Venus Aphrodite, or Venus Anadyomene, best known as the Venus De Medici, from the Villa Medici which the original adorned in the 16th century. In 1680 it was transferred to Florence. It is believed to have been found at Hadrian's Villa, near Tivoli, in a mutilated state, both arms being wanted. These were supplied by a Florentine artist soon after its arrival in that city, but the restoration gave an air of affectation which seems to be absent in the cast taken from the unrestored work. The artist to whom it is attributed was the son of Appollodorus and lived about 200 years A.C. He was famous for his skill in representing female beauty, and we are told by Pliny that a Roman Knight became enamoured of a statue of a Thespiade transported from Greece to Rome by L. Mummius. The original is Parean [sic] marble and is one of the most perfect statues of antique sculpture. [P. 15; exhibited under heading: "Casts in Plaster."]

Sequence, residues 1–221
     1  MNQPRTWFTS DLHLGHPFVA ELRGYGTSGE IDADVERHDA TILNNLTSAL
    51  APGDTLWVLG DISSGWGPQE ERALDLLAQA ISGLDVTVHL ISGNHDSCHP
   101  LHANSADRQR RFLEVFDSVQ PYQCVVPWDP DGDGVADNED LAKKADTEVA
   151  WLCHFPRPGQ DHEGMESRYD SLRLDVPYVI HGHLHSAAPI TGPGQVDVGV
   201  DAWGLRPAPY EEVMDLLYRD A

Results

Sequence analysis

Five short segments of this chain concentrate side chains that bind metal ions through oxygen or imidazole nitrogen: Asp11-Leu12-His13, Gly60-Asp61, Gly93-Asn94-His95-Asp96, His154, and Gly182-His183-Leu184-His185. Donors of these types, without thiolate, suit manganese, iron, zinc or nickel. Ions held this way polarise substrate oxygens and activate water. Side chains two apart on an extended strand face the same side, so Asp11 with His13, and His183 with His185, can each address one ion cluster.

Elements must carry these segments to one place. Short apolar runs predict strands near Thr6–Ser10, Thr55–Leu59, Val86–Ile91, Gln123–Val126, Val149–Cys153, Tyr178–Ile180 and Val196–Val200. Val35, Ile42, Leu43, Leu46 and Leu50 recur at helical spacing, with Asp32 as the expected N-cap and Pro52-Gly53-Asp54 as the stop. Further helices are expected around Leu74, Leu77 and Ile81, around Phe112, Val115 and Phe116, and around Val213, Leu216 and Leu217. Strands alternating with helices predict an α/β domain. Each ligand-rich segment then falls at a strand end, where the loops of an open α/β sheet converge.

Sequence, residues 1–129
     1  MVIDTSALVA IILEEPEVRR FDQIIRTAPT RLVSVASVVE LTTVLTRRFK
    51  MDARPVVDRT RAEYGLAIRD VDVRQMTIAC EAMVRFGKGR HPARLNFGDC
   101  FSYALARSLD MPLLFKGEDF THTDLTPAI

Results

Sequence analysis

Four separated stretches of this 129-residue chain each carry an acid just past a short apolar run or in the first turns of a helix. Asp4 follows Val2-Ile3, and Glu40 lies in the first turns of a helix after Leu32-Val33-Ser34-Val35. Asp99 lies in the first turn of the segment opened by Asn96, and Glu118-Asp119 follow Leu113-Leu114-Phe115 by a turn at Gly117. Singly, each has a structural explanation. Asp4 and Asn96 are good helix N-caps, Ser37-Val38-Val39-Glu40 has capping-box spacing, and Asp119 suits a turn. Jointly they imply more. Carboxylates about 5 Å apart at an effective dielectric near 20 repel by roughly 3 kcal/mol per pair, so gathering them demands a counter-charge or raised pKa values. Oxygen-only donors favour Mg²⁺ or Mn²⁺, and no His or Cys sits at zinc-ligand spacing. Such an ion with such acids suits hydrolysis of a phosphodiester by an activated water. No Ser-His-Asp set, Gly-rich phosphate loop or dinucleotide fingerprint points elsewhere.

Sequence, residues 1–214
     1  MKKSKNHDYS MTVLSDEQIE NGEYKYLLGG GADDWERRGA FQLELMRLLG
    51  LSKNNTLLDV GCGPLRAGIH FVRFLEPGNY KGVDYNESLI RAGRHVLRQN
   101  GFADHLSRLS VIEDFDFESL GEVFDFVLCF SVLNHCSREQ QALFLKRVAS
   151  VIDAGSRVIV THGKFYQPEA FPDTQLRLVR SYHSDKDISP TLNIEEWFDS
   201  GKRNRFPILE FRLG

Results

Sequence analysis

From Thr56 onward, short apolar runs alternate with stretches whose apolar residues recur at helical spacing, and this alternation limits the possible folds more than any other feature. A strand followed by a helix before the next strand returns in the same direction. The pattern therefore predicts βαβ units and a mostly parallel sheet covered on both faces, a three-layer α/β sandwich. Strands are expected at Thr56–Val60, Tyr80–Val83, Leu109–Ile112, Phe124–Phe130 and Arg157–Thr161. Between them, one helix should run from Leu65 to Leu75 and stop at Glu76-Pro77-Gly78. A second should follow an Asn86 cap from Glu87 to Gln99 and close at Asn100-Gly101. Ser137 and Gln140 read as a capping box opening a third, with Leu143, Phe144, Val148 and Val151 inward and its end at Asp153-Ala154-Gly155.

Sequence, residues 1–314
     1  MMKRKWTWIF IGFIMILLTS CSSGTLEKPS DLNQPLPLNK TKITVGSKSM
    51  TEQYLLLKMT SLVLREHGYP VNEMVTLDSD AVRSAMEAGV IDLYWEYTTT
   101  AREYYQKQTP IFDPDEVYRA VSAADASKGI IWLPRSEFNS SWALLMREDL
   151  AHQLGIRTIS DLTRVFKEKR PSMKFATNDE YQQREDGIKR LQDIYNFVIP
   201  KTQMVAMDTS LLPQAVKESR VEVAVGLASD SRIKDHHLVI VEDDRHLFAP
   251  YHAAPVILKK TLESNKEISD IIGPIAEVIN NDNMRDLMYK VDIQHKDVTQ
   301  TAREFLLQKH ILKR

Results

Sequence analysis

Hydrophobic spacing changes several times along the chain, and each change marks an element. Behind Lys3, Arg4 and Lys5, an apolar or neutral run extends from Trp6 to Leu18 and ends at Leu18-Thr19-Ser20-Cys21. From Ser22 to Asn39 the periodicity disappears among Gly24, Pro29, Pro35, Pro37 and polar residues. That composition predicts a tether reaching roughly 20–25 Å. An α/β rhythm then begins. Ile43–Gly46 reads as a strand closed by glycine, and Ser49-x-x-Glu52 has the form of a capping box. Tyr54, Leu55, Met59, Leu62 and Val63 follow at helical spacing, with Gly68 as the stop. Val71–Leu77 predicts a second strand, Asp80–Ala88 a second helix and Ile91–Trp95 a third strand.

Price twenty-five cents. Buffalo Fine Arts Academy. 1874. Catalogue of Works of Art on Exhibition at the Gallery of the Buffalo Fine Arts Academy, Young Men's Association Buildings, Buffalo, N.Y. Academy Instituted November 11, 1862. Incorporated December 4, 1862. Gallery opened December 23, 1862. Buffalo: Warren, Johnson & Co., Printers, Office of the Daily Courier, 197 Main Street. 1874.